Pearls have been an integral and much-valued part of local history and culture in the Ise-Shima National Park area for centuries. The National Park has become known today as the "home of the cultured pearl." Developments in pearl cultivation in Ise-Shima during the last century created a vibrant industry. Today, the quality of Ise-Shima pearls is recognized all over the world. In pre-modern Japan, pearls were used as an ingredient in medicine. Their powder was believed to help cure a variety of ailments, from eye diseases to fevers. At that time, female divers known as ama harvested pearl oysters along with other seafood. However, natural pearls are formed by accident. They were a relatively expensive ingredient due to their rarity, and prized as "mermaid's tears." Mikimoto Kokichi (1858-1954), sometimes known as the "Pearl King," was born the son of a restaurant owner in Toba. He originally started trying to farm pearls on Shinmeiura Inlet in Ago Bay in 1888. Two years later, he began farming on Toba's Ojima Island. In 1892, an over-profusion of algae in Ago Bay caused a red tide, a phenomenon caused by algal blooms. This killed most of Mikimoto's pearl oysters. He was left with his smaller stock on Ojima Island. On restarting oyster farming at Ojima the following year, he discovered that he had managed to produce five pearls attached to their shells. These hemispherical pearls were the first successfully cultivated pearls in the world, representing a big step for pearl cultivation techniques. The efforts of two other researchers, Mise Tatsuhei (1880-1924) and Nishikawa Tokichi (1874-1909), resulted in the first successful production of perfectly spherical cultivated pearls. Subsequent to these developments, Mikimoto began to produce spherical pearls on Ojima, expanding his business. Having deep respect and love for this beautiful landscape, Mikimoto supported initiatives to get the Ise-Shima area designated as National Park. Before World War II, and together with local leaders and organizations, he lobbied the Japanese government. His dreams came true in 1946. In the early days of pearl cultivation, it was the ama divers' job to find mother pearl oysters and then return the irritant-inserted oysters back to the seabed so that pearls could develop. Subsequently, pearl-farming rafts were invented. Cages housing oysters are attached to the raft. This invention made the pearl farmer's work of caring for the shells easier. Today, the sight of pearl-farming rafts floating on Ago Bay is considered a symbol of Ise-Shima.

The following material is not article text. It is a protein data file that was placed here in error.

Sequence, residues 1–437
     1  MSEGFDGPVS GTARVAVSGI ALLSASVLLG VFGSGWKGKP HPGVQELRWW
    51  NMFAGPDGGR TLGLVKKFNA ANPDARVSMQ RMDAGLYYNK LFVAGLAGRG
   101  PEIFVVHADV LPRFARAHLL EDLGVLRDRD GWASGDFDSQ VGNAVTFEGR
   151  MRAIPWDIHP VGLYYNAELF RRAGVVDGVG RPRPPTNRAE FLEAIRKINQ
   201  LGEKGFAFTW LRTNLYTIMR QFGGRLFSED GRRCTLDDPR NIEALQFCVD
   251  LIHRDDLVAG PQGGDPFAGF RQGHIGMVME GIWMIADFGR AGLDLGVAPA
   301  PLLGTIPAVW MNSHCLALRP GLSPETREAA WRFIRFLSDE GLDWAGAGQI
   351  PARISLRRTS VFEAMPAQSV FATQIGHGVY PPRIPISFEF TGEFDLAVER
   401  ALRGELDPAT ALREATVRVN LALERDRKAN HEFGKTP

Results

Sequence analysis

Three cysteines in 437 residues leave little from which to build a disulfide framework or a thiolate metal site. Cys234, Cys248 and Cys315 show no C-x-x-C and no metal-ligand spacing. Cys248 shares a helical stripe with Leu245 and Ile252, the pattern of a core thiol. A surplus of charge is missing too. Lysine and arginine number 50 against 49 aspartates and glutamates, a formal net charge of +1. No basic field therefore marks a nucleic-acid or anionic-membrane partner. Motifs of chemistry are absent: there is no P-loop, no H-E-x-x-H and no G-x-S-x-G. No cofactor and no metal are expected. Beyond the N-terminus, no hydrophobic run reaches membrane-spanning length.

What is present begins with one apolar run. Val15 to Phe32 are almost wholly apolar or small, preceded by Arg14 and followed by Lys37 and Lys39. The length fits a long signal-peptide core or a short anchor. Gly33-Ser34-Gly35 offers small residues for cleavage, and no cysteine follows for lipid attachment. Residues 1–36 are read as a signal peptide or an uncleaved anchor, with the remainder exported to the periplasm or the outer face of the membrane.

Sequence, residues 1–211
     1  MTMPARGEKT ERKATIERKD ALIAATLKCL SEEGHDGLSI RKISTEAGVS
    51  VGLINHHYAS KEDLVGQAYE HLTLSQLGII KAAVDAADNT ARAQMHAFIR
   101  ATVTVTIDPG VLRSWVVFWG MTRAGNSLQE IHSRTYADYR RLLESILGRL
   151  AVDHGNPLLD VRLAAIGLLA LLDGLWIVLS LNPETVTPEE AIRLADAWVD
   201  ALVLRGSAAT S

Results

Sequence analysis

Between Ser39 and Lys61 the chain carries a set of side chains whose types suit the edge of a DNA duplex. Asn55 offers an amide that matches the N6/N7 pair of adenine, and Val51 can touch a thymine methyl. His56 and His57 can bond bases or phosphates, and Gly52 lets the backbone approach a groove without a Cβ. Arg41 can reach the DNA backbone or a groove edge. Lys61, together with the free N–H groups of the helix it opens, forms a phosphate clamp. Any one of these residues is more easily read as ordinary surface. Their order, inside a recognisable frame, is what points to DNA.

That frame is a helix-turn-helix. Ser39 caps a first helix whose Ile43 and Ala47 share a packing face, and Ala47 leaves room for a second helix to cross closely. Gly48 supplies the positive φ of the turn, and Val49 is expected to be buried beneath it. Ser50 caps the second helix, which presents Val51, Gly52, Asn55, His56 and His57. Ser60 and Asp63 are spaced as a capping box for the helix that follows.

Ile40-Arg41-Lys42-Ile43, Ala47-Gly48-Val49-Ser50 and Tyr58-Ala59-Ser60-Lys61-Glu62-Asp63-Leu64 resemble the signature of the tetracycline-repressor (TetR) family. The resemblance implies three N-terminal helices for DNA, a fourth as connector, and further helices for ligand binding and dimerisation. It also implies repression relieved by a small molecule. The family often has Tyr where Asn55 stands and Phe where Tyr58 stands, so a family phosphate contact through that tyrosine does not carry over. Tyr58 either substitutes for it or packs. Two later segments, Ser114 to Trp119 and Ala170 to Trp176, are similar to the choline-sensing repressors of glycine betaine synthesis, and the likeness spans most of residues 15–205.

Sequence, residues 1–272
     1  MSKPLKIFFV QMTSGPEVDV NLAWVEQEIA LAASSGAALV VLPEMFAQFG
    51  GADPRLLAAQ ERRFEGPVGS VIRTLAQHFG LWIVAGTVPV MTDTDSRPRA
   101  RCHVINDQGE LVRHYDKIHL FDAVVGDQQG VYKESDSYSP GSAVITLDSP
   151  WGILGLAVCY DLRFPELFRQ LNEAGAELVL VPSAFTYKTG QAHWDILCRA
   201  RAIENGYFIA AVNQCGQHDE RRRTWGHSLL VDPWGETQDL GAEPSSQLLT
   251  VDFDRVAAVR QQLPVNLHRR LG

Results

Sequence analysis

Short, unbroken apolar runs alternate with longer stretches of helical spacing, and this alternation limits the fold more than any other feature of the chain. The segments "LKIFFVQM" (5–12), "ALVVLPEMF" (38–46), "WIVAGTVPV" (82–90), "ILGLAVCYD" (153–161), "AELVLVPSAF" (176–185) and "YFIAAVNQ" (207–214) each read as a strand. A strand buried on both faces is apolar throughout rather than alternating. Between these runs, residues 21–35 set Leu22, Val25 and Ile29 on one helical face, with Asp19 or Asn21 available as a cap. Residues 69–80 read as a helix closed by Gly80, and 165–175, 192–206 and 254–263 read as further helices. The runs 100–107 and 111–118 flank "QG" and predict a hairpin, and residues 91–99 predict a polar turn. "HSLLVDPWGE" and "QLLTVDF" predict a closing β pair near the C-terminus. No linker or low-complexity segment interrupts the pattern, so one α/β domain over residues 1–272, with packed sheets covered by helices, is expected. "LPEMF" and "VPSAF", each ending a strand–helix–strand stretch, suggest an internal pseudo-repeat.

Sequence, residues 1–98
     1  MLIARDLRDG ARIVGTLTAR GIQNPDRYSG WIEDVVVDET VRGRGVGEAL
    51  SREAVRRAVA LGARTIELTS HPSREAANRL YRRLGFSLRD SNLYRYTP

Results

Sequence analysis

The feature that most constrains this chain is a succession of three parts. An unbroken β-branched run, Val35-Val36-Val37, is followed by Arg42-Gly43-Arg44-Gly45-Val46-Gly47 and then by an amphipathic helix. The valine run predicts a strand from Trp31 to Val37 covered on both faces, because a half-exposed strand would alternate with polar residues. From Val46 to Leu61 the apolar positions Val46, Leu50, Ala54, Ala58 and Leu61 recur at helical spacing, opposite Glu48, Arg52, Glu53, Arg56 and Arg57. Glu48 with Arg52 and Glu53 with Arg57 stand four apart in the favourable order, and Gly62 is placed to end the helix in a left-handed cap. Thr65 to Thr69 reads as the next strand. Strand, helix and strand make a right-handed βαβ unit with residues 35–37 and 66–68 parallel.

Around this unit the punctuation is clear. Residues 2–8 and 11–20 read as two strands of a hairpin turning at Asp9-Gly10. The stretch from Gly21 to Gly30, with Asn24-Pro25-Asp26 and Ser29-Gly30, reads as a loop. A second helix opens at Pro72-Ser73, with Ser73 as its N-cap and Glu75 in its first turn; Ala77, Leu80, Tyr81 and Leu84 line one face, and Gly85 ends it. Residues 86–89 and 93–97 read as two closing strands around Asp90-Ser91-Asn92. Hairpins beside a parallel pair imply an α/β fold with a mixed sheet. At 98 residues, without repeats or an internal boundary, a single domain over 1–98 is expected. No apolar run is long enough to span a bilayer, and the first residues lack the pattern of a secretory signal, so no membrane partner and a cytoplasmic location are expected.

photo of Performance of pearl oyster catching by <em>ama</em> divers

Performance of pearl oyster catching by ama divers